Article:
Photo: Kristel and Cristina with their daughter Kenzie during a newborn photo session in 2015. Kenzie turned three in August 2018. Photo by Citrine & Olive Photography
“How do I describe a typical day in our house?” laughs Brandy Fitzpatrick, as she sits in the kitchen of her rebuilt home in Abasand earlier this spring. “One word – chaos.”
Brandy and her husband BJ, a firefighter/EMT at Suncor, have four children: Noah is eleven, Logan is eight, Ari turned one in May, and baby Cash is just seven weeks old. Prior to June of 2018, they had split their time between two homes – one in Abasand and one in Fort McKay. Now they are living in their Abasand home full-time.
“Noah is in grade six this fall. And, even though it’ll be tough to leave his friends in McKay, there are more opportunities academically for him in McMurray,” Brandy said. “We had planned to move back into town a few years ago, but it got delayed after we lost our home in the fire. Plus, we have so much family and support in McKay that it makes it hard to leave. No matter what, it’ll always be our home.”
The family has lived in Fort McKay since before the kids were born, and BJ’s family dates far back into the history of the community. His mother is Chipewyan. After he graduated from Father Mercredi High School, completed his firefighter and EMT program in Edmonton, he came back to Fort McMurray and joined Suncor under the Aboriginal Recruitment Opportunity.
In 2009, BJ received the Governor General’s Medal of Bravery for an incident he responded to with his crew.
“That was a pretty cool experience,” said Brandy. “They flew the whole family to Ottawa to watch BJ receive his medal, and we were all very proud of him.”
These days, they spend most of their time between school and sports activities – mostly hockey and baseball. BJ also runs the local Power Edge Pro training camp, which is an on-ice player development system that is utilized by players from grassroots hockey all the way up to the NHL. He was also the first Aboriginal Level 3 Certified Instructor in Canada.
“Sports and being active are a huge part of our life and our kids’ lives,” said Brandy, who is a certified yoga instructor and runs the dry-land training for the hockey camps. “Wood Buffalo has so much to offer when it comes to recreation and family activities, too, so we feel lucky to live here.”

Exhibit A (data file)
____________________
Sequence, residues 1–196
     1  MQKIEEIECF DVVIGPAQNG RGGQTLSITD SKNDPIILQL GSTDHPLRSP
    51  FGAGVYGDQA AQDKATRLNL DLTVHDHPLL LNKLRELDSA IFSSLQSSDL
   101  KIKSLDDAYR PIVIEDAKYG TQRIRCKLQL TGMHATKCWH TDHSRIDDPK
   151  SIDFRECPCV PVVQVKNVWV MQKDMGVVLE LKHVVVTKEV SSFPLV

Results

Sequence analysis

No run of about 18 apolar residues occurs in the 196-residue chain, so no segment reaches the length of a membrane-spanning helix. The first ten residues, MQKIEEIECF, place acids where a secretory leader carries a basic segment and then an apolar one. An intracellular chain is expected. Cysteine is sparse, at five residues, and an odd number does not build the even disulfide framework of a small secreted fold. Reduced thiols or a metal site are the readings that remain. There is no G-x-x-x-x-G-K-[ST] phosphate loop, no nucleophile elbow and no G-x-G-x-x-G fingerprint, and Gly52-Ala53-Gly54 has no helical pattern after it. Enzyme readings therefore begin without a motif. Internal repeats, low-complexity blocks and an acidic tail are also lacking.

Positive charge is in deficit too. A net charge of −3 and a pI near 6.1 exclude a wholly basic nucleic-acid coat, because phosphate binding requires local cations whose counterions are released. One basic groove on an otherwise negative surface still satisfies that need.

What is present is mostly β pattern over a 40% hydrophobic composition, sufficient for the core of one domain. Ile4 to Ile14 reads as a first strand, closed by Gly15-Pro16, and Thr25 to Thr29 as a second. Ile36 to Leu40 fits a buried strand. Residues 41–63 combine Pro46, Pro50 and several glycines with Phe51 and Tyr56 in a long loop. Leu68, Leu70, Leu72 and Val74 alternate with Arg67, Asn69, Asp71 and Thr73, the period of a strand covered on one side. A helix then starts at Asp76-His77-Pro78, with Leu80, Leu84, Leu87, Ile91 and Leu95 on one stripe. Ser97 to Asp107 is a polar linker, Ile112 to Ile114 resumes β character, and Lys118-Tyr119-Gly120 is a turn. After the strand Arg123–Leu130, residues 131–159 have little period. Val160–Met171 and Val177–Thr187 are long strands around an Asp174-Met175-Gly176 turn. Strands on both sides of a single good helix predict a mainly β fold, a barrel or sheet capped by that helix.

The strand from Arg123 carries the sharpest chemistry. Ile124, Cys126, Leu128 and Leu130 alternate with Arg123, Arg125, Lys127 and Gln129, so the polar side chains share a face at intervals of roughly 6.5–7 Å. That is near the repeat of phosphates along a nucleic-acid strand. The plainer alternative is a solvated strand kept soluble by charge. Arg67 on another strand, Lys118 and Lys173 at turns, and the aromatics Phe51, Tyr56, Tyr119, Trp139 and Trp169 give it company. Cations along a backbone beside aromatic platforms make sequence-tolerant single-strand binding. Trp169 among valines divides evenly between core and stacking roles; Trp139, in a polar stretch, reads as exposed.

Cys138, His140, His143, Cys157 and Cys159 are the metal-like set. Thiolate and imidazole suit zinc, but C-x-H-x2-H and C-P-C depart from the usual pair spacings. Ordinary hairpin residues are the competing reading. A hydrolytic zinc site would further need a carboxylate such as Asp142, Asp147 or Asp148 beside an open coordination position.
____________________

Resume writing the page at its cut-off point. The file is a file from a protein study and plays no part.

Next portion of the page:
Brandy grew up in Abasand and most of her family still lives within Wood Buffalo. Her mother and stepfather live in Fort McKay, her two brothers live in Fort McMurray with their families, and her father lives just a five-hour drive away in Leduc.
“I love that we have this whole next generation of McMurray kids growing up here,” said Brandy. “And that my kids get to spend so much time with our extended family. This community has given us so many life opportunities, and we feel blessed to be able to provide our kids with the same opportunities we had.”
John and Mary Louise McCormick live in Abasand with their three children; twelve-year-old Hailey, nine-year-old Kadence and six-year-old Jayden, along with their family cat Simba and dog Maggie. John is an Outage Coordinator at Syncrude and Mary Louise is a math support teacher at Father Beauregard Elementary.
“Our two youngest children attend Father Beau and our oldest just finished up her first year at Holy Trinity Catholic High school,” said Mary Louise. “John moved to Fort McMurray in 2000. I followed, shortly after, in 2002. All three of our children were born here. And, we wouldn’t have it any other way.”
Like many other residents from the East Coast, they chose to move here with hopes of finding good-paying jobs and make enough money to eventually return to their roots in Cape Breton. However, after 16 years of making friends and establishing successful careers, they both agree that this is now their home.
“We feel lucky to live in a wonderful community. We are blessed with such a great group of friends that have now become what we call our ‘Fort Mac Family’,” she said. “Fort McMurray is so much more than just a “Money Town”. This community is full of amazing people and opportunities for our children.”